Alpinist contributor Nick Bullock was recently named the winner of Banff Mountain Book Awards’ “Mountaineering Article” category for his story, “Threshold Shift,” which appeared in Alpinist 57. The recognition comes with a $2,000 prize.
Bullock’s piece recounts his first ascent of the North Buttress of Nyainqentangla Southeast with Paul Ramsden in 2016, and Bullock’s subsequent return from Tibet to England to help his aging father. Back home, Bullock confronts the death of his mother, the loss of climbing friends and the uncertainties of Brexit.
Ian Welsted, a member of the Book Competition jury, wrote:
A threshold shift is the ear’s defense against loud noise; Nick Bullock’s years of experience defend his mind from registering the mortal hazard he and his compatriots face, and all too commonly perish from, in the mountains. Equally, a life climbing and writing has insulated Nick from the “rush and push and strain…(and) disappointment” of a more traditional lifestyle. Elevating moments from a first ascent in Nepal contrast with the difficult final journey Nick makes with his aging widower father. In spite of a life spent in search of “something better” through climbing he realizes he shares traits with the old men he swore he would never become. Not a lighthearted tale, it addresses mortality with an honesty [that] must be admired.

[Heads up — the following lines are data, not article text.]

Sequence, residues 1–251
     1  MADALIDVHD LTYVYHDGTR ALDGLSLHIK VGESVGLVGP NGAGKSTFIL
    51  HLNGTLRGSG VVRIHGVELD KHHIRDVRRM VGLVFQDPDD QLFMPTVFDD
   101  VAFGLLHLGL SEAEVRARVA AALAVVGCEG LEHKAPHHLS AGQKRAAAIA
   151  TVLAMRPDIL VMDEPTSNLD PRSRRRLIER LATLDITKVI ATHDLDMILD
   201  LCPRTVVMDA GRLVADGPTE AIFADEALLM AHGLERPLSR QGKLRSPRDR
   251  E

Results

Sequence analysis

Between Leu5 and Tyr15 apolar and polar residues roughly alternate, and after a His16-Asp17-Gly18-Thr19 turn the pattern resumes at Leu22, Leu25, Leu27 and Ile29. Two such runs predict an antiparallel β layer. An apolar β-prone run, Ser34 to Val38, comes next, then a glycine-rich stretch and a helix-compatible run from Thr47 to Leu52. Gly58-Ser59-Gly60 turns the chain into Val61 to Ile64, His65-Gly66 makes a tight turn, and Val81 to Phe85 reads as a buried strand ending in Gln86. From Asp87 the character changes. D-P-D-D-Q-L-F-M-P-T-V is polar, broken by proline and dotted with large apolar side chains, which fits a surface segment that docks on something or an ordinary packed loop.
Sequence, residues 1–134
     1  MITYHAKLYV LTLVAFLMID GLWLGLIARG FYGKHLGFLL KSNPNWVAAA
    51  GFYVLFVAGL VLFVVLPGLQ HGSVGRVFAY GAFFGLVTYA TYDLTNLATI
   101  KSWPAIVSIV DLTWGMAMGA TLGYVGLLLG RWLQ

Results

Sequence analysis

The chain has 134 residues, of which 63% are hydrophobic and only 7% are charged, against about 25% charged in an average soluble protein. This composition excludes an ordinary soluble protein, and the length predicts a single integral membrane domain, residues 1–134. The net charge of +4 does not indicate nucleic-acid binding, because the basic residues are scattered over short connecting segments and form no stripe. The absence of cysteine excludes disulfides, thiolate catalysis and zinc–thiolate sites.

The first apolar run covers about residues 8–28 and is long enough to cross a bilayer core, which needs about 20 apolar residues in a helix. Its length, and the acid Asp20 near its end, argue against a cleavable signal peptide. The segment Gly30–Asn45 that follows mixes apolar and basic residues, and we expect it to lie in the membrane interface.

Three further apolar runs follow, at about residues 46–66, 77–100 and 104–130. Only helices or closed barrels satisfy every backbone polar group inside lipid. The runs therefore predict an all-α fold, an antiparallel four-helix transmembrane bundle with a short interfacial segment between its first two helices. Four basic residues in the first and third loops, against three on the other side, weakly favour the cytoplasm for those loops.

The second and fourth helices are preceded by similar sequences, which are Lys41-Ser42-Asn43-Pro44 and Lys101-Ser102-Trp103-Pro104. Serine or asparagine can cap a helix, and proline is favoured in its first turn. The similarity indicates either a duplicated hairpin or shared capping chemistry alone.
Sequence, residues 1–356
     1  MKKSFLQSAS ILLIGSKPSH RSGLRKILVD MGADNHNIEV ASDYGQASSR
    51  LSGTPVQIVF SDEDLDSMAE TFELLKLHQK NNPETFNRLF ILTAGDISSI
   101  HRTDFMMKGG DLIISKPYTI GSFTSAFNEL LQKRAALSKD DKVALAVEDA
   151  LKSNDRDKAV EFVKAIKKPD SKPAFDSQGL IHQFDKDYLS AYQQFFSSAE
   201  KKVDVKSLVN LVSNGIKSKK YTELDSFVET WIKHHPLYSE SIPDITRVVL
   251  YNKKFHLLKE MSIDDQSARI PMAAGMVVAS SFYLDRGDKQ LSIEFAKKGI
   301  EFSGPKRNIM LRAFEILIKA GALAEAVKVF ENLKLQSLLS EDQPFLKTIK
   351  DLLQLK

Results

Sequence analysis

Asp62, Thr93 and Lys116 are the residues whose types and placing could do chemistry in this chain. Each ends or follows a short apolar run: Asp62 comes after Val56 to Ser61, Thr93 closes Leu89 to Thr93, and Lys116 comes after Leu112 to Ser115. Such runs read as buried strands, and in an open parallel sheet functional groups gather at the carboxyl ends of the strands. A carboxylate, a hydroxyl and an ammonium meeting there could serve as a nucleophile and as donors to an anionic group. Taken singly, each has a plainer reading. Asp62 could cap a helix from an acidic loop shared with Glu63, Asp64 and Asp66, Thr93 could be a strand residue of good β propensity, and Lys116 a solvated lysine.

Bullock’s article begins:
I never much thought of the danger when I started all those years ago. I never imagined the pain, the grief. Heroic…. I was indestructible…. I saw myself breaking shackles, becoming free…. But I was naive. In my defense, it’s difficult to see the pain when you don’t really value what you have at the time. It’s easy to make light. Life is cheap, and time is a giveaway. But of course, life is never cheap, and time goes one way only. Entropy.
A list of the other award categories and their recipients can be found here.